PLEASE NOTE: Access to the
Deserts Dome will be
temporarily dried up due to construction of the
International Orangutan Center. This unexpected inconvenience will last
through the fall and will allow work in the area to be completed quickly and
safely. We appreciate your understanding.
When the doors open to the Deserts Dome, visitors leave Indianapolis and
arrive in a real desert environment.
Some of the animals on exhibit in Deserts
Meerkats, several species of birds,
tortoises and more than a dozen types of reptiles
snakes), as well as various plant life.
Some of the Indianapolis Zoo's most important projects involving animal
conservation occur in the Deserts Biome and the Zoo
international recognition for successfully breeding rare iguanas.
About 250 species of plants flourish in the
Deserts Dome, several of which are
endangered. Planters constructed inside the rocks give the appearance that
the plants grow from within the terrain. All of the plants in the biome are
living and cared for daily by the Horticulture staff. The temperature in the
deserts dome is regulated at 85 degrees in the summer and 82 degrees in the
winter. It is lowered to simulate a seasonal change and encourage some of
the animals to maintain their hibernation schedule just as they would in the
Some animals, like the endangered desert tortoise, need even lower
temperatures to hibernate. For the tortoises' winter nap, keepers settle
them into a special refrigerator off exhibit to sleep at a chilly 55 degrees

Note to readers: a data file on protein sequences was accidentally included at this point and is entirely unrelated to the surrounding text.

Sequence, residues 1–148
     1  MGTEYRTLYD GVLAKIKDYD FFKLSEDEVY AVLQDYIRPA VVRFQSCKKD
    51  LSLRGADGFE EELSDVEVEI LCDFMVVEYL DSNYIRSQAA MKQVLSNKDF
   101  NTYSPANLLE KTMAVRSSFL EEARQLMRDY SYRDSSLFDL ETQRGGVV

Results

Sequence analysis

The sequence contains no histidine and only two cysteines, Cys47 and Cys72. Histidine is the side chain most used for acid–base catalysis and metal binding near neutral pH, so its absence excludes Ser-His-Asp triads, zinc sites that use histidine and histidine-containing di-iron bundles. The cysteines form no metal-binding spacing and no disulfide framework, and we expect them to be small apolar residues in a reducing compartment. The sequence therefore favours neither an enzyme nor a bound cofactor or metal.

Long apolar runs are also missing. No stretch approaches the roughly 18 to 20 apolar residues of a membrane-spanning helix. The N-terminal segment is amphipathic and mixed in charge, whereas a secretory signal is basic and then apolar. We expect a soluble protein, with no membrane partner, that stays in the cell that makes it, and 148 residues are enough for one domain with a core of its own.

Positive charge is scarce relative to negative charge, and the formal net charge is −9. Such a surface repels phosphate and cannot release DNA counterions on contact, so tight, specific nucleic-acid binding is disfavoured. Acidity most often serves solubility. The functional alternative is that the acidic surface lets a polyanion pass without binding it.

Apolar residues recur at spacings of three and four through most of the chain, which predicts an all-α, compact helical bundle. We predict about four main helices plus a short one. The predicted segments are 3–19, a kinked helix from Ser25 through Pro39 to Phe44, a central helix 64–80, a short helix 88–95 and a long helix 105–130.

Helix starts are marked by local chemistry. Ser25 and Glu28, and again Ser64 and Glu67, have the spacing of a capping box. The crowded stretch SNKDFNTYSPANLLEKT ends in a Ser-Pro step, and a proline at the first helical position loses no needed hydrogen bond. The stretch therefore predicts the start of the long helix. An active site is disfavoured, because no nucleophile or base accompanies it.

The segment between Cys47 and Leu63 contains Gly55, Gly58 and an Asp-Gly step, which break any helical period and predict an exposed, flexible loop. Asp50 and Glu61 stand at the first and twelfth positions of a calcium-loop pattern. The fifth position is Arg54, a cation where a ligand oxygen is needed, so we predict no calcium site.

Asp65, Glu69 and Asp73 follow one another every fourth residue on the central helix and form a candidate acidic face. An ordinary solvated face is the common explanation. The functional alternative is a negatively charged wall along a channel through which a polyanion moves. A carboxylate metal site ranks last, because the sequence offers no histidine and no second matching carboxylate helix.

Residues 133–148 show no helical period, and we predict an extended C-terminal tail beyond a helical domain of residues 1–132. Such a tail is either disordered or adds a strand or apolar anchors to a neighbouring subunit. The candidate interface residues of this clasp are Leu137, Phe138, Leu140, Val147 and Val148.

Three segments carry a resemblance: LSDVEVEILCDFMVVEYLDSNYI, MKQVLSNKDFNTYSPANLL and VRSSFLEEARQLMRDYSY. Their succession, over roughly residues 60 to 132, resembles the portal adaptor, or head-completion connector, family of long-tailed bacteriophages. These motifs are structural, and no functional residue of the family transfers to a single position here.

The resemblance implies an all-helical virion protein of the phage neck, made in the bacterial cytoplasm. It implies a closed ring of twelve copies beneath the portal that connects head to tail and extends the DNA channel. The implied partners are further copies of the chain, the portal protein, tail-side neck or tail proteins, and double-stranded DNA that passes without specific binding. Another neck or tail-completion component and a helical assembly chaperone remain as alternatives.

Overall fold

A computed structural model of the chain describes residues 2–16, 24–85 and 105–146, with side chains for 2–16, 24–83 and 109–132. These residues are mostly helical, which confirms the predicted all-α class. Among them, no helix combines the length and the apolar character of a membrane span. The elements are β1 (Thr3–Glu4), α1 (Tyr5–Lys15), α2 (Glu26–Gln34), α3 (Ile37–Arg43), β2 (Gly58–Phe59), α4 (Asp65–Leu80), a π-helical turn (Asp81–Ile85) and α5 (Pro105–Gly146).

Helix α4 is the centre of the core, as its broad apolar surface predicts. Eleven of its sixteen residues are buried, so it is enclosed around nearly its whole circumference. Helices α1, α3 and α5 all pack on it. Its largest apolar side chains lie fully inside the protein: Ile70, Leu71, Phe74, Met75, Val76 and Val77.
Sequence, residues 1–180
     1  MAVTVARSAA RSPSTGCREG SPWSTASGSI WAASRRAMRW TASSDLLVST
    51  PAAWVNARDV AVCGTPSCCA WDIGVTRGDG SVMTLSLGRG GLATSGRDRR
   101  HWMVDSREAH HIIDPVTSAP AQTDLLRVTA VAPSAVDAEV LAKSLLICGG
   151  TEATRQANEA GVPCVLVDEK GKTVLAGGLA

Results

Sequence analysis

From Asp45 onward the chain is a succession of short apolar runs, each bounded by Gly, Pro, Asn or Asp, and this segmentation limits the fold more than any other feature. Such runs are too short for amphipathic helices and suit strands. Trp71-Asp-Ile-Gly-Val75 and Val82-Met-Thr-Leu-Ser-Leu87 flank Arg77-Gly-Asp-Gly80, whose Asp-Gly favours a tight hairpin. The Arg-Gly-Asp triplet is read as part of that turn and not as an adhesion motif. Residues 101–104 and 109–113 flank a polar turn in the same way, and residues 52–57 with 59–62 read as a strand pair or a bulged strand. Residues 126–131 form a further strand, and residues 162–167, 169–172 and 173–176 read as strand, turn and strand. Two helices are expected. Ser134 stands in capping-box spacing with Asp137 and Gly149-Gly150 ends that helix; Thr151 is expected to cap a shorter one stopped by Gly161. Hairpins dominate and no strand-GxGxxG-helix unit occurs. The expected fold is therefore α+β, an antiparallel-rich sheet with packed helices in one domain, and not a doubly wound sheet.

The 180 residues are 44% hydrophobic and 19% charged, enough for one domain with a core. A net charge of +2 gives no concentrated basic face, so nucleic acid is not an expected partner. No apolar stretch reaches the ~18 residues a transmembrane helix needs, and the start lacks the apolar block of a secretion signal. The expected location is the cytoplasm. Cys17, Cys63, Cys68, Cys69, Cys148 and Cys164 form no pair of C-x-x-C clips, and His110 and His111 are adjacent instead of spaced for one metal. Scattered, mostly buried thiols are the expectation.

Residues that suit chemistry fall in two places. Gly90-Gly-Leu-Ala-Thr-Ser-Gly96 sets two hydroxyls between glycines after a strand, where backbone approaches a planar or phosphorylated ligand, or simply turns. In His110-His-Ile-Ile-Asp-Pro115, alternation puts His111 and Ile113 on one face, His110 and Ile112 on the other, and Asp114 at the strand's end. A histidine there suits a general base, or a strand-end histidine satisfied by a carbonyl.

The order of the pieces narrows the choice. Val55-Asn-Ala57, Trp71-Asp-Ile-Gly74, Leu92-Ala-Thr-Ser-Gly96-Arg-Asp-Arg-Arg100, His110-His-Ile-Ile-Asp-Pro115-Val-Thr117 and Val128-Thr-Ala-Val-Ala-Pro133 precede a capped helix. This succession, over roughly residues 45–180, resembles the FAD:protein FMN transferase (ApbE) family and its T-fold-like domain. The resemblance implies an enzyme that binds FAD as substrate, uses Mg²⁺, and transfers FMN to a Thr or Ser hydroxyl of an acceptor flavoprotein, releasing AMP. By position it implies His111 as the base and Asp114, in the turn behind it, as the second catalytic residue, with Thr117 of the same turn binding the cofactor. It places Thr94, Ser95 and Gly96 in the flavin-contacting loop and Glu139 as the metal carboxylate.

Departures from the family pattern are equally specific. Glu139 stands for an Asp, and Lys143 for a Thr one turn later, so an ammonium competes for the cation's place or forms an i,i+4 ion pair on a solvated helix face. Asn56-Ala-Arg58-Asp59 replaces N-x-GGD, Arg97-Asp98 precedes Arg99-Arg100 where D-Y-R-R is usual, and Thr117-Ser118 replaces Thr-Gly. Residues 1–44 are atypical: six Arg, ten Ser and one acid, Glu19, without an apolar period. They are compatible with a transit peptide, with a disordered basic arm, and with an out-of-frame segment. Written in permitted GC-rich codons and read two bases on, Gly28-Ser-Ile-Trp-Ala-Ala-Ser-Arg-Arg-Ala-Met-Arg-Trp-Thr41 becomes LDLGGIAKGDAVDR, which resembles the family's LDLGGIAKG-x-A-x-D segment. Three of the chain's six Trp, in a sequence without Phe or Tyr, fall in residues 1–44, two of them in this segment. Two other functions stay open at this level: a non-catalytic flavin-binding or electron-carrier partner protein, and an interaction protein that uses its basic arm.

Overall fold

until spring. The tortoises use little oxygen because their metabolism slows
to almost a standstill. The Deserts Biome is home for another species of
tortoise, the radiated tortoise of Madagascar, which is managed by the
Species Survival Plan (SSP), a program of the Association of Zoos &
Aquariums, the Zoo’s accreditation organization. In late 1995, the
Zoo was successful in breeding this critically endangered tortoise, and many more young
tortoises have been born since. This species is named for its brilliant
shell, which has star-patterned stripes radiating from its center.
How Did We Do It? ... Creating a Desert
Zoo's overall goal to immerse visitors in the natural habitats of its
animals was firmly in mind when designing the Deserts Biome, which opened in
1990. Zoo staff spent
two weeks in Tucson, Ariz., making rubber molds of actual rocks that
decorate the Deserts Biome. Upon return to Indianapolis, the molds were used
to shape fiberglass then sprayed with concrete. The granite gravel lining
the floor of the exhibit was trucked in from Arizona, and the giant rocks
were painted to match the color of the gravel. The rocks are situated to
form a canyon and river and to sculpt a walkway through the dome for
visitors. Larger animals are behind glass in the exhibit areas, but the
birds and smaller lizards roam freely throughout the dome.
The attention to detail in the Deserts Biome sets it apart from other
desert exhibits across the nation. The 80-foot diameter transparent dome
allows the animals to bask in natural sunlight year-round while heating and
air conditioning vents hidden in the rocks keep the temperature in the 80s.
If a lizard finds itself in the middle of a turf battle or being pursued by
a rambunctious young visitor, it can take cover in one of 75 "hide tubes"
throughout the dome. The tubes are made of drainage piping built into the
rocks and lined with gravel to provide traction.